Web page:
On Thursday 3rd October at the High Court in London campaigners lost a legal battle against the Government’s handling of the rise in the state pension age for more than 3 million women.
The application to the court argued that the equalisation of the pension ages was discriminatory and that the taper mechanism used to raise the State Pension Age was inadequate and was combined with a failure to inform women of the changes properly.
Michael Mansfield QC, who represented the women affected, said:
“They have pushed women who were already disadvantaged into the lowest class you can imagine. They’re on the brink of survival, and I’m not overstating that. This group – especially the percentage of the group affected born in 1953 onwards – are increasingly having taken away from them four to six years’ worth of state pension. We’re dealing with very serious sums: £37,000 to £47,000. I think any citizen would be concerned by that withdrawal.”
Since Barbara discovered the impact of the acceleration of changes to the State Pension Age on women born in the 1950s she has been committed to supporting this cause.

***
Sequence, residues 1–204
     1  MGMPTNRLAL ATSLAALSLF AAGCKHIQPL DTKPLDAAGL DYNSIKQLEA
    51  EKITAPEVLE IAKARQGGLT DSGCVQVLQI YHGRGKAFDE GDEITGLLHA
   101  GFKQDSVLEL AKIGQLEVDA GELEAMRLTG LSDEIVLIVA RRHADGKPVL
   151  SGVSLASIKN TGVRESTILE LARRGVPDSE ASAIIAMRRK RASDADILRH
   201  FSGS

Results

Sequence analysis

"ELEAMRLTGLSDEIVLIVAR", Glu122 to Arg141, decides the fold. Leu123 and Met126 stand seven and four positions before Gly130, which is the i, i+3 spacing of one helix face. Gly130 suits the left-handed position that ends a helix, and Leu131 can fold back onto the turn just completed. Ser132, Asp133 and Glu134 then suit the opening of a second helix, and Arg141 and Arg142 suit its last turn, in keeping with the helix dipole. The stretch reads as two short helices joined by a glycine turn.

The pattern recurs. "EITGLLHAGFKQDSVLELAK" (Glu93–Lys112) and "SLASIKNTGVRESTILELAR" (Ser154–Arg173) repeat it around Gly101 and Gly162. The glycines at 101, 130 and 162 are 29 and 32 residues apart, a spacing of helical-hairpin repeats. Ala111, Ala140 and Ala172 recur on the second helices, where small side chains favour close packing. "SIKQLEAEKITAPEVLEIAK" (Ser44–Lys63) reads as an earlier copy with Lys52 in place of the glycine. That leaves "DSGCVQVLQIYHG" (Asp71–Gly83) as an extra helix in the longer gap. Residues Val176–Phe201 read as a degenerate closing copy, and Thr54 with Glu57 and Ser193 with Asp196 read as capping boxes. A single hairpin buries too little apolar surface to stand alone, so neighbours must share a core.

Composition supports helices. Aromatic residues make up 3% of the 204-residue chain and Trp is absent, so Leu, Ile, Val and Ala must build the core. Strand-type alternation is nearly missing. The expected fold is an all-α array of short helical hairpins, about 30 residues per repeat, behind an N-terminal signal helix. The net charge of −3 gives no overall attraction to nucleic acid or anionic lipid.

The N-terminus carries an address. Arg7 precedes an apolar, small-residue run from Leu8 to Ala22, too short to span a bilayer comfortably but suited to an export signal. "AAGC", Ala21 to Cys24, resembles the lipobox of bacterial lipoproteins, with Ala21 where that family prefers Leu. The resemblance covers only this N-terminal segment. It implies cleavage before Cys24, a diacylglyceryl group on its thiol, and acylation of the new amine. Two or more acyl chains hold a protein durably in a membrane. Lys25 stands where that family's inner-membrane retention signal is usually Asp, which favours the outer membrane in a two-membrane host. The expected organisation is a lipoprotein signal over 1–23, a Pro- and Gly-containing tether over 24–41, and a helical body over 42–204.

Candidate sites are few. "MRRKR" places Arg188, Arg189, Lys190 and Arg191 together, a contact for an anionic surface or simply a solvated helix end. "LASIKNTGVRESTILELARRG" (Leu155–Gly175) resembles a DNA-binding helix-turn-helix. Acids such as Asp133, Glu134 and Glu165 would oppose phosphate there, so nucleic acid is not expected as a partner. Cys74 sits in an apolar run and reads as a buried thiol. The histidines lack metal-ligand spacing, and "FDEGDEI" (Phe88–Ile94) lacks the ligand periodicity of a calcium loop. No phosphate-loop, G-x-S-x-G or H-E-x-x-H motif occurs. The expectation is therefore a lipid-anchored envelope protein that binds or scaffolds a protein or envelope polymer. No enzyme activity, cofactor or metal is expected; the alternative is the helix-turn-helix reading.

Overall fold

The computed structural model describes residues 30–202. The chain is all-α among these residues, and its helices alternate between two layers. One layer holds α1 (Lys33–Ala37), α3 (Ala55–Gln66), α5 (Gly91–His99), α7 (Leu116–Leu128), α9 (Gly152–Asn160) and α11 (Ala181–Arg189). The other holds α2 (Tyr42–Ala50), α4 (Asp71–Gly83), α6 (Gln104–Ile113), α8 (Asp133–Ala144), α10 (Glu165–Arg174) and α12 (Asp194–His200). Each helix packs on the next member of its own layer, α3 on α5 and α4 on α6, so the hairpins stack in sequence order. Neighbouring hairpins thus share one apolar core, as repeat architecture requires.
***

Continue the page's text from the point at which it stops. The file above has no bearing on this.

Barbara was one of the first MPs in the country to campaign with women to fight against these unjust changes to the State Pension Age for them. She stood with a group of 1950s-born women in the carpark at Morrison’s in Eccles raising awareness among the women it affected and collecting signatures for our petition calling on the Conservative Government to stop this unfair and sudden change to the State Pension Age for 1950s-born women.
Barbara opened the very first Parliamentary debate on this issue and has spoken in many debates since to support the campaign
Barbara co-founded the All Party Parliamentary Group on State Pension Inequality for Women with Andrew Gwynne and over 120 MPs joined on the first day. Andrew and Barbara were then elected as the first Co-Chairs of this group.
Barbara has taken other action in support in Parliament, including presenting paper petitions from 100 constituencies when MPs organised a mass hand-in of petitions.
Barbara has many constituents who are 1950s-born women affected by the Pensions Injustice and she has raised their issues in Parliament and in meetings with Government Ministers.
“I am disappointed by the outcome of this case and I am so sorry for the millions of women who have lost out on the pensions that they have earned and that they deserve.
“For many years, 1950s-born women have been disadvantaged in terms of pay and pensions. They deserve better after a lifetime of work and paying into the system. They deserve proper consideration for that lifetime of work and their National Insurance contributions.
“I am committed to continuing to support the campaign until we get Pensions Justice for 1950s-born women.”